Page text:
Wimpey NoFines Houses

This form of construction involves the use of no-fines concrete, ie concrete containing cement and graded aggregate (often 12 or 19mm in size), but no sand nor fine aggregate. The lack of fines results in a wall that can be cast more economically than a normal concrete mix and which contains many air gaps, giving some improved insulating capability. It is also more resistant to damp penetration as its wide pore structure reduces capillary action (refer to Chapter 14 on Damp). The first recorded...

Cracking along edges of angle beads

Vertical cracks at quoins or at window jambs are often caused by problems with angle beads. In traditional work angle beads were rare but, nowadays, their use is widespread. It is, unfortunately, not uncommon to find angle beads bedded in gypsum plaster. This material sets quickly and is often seen as an ideal material in which to bed the beads. In wet conditions a chemical reaction between the cement and the gypsum (sulfate attack) causes expansion of the render and this will result in...

Conductance meters

These instruments, which are by far the most common form of meter, have two metal probes (the electrodes) which are firmly pressed into the material being tested. The electrical resistance between the two probes can then be measured. The meters (depending on type) can provide analogue or digital readings. The Mini meters have coloured LED lights (green, yellow and red) representing 'safe' , 'borderline' and 'decay inevitable' situations. On the extreme left, a Protimeter Mini Moisture Meter. On...

Natural slate

Slate covered roofs can be found throughout the British Isles and can range in colour from red black to green blue depending upon the source which, historically, was within the UK. The popularity of slate roofing declined in the first three quarters of the twentieth century but there was a revival in the last quarter. This has led to the re-opening of some formerly closed quarries to meet the increased demand. In recent years, foreign slates, in particular from Spain and China, have also become...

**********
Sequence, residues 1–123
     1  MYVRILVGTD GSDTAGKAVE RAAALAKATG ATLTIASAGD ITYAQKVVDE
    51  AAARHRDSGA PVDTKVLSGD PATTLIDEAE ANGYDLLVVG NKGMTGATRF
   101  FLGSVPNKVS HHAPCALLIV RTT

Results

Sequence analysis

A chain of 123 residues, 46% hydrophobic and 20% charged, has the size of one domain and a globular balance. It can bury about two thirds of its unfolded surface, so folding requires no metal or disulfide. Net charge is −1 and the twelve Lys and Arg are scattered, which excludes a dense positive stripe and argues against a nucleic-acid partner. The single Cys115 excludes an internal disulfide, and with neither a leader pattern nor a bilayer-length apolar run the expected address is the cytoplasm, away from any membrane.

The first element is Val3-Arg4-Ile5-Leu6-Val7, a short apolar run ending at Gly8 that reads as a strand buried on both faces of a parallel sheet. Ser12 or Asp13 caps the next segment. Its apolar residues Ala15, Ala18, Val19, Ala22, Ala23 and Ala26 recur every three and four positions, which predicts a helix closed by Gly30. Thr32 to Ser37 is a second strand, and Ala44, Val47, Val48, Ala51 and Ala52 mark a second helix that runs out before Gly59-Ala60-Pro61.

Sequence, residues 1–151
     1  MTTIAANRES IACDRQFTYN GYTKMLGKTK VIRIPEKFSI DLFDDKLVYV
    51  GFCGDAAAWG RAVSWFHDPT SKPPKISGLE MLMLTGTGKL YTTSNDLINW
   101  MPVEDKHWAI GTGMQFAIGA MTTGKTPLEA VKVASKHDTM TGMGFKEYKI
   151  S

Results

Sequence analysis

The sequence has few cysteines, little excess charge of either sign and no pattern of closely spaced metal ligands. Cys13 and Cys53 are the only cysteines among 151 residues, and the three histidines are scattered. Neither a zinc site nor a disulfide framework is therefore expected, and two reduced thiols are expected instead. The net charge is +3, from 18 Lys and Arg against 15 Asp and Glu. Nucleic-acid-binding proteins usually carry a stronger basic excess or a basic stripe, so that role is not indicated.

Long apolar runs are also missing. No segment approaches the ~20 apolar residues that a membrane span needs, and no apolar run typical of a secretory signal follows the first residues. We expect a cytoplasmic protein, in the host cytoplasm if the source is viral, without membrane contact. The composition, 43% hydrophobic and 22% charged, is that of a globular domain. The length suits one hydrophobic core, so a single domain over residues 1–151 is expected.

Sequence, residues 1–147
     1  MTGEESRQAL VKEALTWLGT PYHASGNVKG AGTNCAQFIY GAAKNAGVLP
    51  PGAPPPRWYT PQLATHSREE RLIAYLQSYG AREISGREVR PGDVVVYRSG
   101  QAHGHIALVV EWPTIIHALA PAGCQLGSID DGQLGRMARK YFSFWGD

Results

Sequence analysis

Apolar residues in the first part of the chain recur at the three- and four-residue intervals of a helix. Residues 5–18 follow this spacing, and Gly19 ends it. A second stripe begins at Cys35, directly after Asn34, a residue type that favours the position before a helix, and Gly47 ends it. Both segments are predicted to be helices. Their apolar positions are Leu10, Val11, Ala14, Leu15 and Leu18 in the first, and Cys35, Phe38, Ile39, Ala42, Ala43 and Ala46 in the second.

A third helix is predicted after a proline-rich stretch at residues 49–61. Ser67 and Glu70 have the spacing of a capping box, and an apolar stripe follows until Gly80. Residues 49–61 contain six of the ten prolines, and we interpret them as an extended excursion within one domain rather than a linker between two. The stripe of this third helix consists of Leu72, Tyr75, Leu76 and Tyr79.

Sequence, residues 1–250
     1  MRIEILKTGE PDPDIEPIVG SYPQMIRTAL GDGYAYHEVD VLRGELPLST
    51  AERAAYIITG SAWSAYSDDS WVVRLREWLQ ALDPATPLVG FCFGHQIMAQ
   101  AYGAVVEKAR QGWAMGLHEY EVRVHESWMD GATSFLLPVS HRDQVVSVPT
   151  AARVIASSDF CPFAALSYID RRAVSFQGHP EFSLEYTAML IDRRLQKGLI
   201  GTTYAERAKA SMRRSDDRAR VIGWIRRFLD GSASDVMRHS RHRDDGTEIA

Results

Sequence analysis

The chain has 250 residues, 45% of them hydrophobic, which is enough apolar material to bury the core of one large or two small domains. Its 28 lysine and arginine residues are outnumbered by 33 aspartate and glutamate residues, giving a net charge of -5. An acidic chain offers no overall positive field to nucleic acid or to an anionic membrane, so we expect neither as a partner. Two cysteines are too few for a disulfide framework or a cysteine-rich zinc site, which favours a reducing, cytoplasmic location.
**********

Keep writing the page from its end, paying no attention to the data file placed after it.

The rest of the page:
Frost attack

This is a problem that usually occurs in older bricks, and those that were underburnt on firing. In newer construction, failure through frost attack tends to be confined to areas of severe exposure. The ability of bricks to resist frost attack is determined by their pore structure (in particular the percentage Three examples of frost attack to bricks in exposed situations. Three examples of frost attack to bricks in exposed situations. of fine pores). Frost attack occurs through a combination...

Lead roofing

Lead sheet is commonly used as both a pitched and a flat roof covering, as well as for gutter linings, flashings, soakers and vertical claddings. Roofing and cladding panels of lead bonded to steel over a plywood, or other, building board, and lead bonded directly to building board are also produced. These may be used for roofing or cladding. Lead has been used as a roofing material in the British Isles for many hundreds of years. In medieval times, it was used as the roof covering on...

Conditions favourable to insect attack